Police Chief Handling Case Of The Biracial 8-Year-Old Boy Hung By The Neck Posts Apology For Not Releasing More Information

Police Chief Handling Case Of The Biracial 8-Year-Old Boy Hung By The Neck Posts Apology For Not Releasing More Information

New Hampshire officials are investigating the incident as a possible hate crime.

Published September 11th

UPDATE:

The Claremont Police Chief has acknowledged the lack of information being released surrounding the case of the 8-year-old biracial boy who was hung by his neck during an incident with older kids. 

On Tuesday, Chief Mark T. Chase posted an apology on Facebook about not being able to deliver more details. 

“Claremont Police detectives assigned to this case are taking all steps possible to investigate the incident and have been doing so since the police became involved in this matter in late August,” he said in the post. 

Additionally, New Hampshire officials are investigating whether the assault against the unidentified child can be categorized as a hate crime, reported the New York Times. 

Gov. Christopher Sununu has also instructed the state attorney general to assist Claremont police in the investigation.

“It is my expectation that local and state authorities will investigate appropriately and I’ve asked for regular updates on how things are proceeding,” Sununu said in a statement. “Hatred and bigotry will not be tolerated in New Hampshire.”

Attorney General Gordon J. MacDonald announced that the Department of Justice had contacted the Claremont Police Department and the Sullivan County Attorney’s Office about providing support in the investigation.

“To the extent that there is any credible information that this incident constituted a hate crime or a civil rights violation under New Hampshire law, the office is prepared to take any and all appropriate action,” MacDonald said.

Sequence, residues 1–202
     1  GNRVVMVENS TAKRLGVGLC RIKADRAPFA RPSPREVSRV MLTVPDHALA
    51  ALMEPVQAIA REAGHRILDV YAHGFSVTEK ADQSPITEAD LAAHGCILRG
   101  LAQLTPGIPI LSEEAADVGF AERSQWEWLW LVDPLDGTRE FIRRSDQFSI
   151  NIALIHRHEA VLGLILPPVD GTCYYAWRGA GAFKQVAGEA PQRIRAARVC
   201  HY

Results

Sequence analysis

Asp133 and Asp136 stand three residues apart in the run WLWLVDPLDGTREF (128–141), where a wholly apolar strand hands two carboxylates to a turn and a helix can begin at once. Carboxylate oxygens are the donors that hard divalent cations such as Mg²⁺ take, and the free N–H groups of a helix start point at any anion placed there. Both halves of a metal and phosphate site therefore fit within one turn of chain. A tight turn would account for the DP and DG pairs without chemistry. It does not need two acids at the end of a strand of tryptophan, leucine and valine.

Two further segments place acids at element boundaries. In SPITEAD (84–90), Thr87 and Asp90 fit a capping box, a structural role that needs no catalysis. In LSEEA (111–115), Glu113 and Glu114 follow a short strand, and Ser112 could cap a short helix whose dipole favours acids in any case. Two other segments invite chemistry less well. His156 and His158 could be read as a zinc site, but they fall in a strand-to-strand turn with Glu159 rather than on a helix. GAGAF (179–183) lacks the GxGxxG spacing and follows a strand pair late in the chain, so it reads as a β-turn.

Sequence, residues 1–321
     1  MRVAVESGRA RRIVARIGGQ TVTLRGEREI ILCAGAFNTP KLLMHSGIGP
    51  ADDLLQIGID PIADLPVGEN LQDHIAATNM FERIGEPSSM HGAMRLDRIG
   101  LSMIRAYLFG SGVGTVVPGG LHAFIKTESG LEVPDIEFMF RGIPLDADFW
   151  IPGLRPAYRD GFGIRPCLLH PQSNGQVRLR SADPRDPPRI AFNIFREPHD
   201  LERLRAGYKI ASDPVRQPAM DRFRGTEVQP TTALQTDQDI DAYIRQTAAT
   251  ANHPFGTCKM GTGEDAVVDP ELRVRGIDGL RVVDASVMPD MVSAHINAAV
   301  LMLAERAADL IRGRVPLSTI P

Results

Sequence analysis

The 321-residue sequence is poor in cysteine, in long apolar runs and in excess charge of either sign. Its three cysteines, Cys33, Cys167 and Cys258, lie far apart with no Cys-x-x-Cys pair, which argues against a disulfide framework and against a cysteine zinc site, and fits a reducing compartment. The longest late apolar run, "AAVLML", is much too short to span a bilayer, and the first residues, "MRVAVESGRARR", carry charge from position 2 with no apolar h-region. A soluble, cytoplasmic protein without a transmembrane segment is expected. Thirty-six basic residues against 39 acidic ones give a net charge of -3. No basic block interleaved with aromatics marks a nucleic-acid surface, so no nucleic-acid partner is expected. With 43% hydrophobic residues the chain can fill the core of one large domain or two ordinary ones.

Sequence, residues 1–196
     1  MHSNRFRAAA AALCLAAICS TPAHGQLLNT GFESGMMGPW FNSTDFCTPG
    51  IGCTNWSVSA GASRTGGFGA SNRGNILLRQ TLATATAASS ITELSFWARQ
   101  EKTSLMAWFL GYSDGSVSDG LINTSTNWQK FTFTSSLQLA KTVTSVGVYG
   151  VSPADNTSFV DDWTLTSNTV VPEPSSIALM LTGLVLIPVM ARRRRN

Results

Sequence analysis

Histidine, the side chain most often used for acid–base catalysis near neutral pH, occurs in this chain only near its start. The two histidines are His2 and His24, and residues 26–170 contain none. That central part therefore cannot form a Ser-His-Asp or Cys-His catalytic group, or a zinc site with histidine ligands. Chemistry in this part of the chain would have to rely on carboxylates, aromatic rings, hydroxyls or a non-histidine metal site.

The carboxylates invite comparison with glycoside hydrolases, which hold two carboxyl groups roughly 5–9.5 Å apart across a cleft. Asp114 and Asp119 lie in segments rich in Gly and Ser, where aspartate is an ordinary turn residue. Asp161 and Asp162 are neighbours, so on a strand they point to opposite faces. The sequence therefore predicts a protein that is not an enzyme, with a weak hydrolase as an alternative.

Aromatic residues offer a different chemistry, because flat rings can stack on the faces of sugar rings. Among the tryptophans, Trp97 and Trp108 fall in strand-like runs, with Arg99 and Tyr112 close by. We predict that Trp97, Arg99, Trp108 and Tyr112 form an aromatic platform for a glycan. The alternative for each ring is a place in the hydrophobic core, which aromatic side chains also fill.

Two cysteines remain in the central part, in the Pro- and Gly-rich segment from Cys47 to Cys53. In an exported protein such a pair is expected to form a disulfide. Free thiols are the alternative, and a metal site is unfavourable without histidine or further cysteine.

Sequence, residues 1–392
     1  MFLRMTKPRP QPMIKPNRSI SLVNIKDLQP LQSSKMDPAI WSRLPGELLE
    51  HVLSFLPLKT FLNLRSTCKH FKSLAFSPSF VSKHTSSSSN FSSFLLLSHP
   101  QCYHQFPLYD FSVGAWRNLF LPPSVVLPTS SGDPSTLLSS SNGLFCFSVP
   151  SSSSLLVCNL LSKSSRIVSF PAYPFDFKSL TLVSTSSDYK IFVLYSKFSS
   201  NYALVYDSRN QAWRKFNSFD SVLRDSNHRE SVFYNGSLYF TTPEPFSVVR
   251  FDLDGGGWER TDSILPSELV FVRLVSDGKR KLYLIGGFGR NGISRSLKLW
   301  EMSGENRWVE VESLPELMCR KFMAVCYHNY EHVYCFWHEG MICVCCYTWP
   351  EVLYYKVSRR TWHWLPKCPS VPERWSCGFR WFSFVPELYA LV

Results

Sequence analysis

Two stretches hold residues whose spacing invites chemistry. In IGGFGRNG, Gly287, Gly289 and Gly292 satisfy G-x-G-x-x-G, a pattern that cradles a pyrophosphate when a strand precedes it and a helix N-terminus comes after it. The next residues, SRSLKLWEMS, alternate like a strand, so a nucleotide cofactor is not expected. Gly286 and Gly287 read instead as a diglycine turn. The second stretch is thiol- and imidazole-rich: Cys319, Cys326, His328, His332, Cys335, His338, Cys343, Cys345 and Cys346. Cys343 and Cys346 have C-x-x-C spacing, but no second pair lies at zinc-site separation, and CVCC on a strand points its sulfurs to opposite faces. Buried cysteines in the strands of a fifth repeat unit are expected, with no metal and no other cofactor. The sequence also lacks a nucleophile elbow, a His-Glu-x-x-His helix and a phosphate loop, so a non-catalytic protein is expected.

PREVIOUS:

Police in Claremont, New Hampshire, are refusing to release information on the case of the biracial 8-year-old who was involved in an incident that left him with rope burns around his neck. 

According to NH1, the unidentified boy was injured so severely he needed to be airlifted to Dartmouth-Hitchcock Medical Center. The child’s mother posted on Facebook about the incident, wherein one or more teens used a rope to hang her child from a tree

Currently, Cassandra Merlin’s Facebook post is the only account detailing what happened to the boy.

Merlin’s post read in part, “So my son is being flown to Dartmouth after a 14-year-old kid decided to hang him from a tree. I don’t care if this was a so called accident or not. My son almost died because of some little sh** teenage kids.” 

The boy’s grandmother Lorrie Slattery said she believes the attack was racially motivated, saying that the teens taunted the boy for being half Black.

Slattery told the Valley News the incident motivated and “intentional.”

Slattery said other children described what occurred during the Aug. 28 incident. According to her other grandson, the children were playing the year when the teens started calling the boy “racial epithets” while throwing sticks and rocks. 

Then one or all of the teens allegedly grabbed a rope that had been part of a tire swing and put it around his neck, Slattery said.

“The [teenagers] said, ‘Look at this,’ supposedly putting the rope around their necks,” Slattery told Valley News. “One boy said to [her grandson], ‘Let’s do this,’ and then pushed him off the picnic table and hung him.”

Slattery said the boy swung back and forth by his neck three times before he was able to free himself. 

Claremont Police Chief Mark Chase has not commented on the specifics of the case and has only said they were still investigating. He's also said those involved are juveniles, prohibiting him from specifically making any comment. Many activists are upset the teens are being protected and treated like children.

“I am upset and saddened and angered about how the police and city officials have chosen to play this,” said Kendra Colburn of the Upper Valley chapter of Showing Up for Racial Justice. “[They] all seem like they do not want media attention on this story, and I am concerned about that. I am really concerned that we can’t change what we don’t know about or refuse to look at.”

Written by Rachel Herron

(Photo: via Getty Images)

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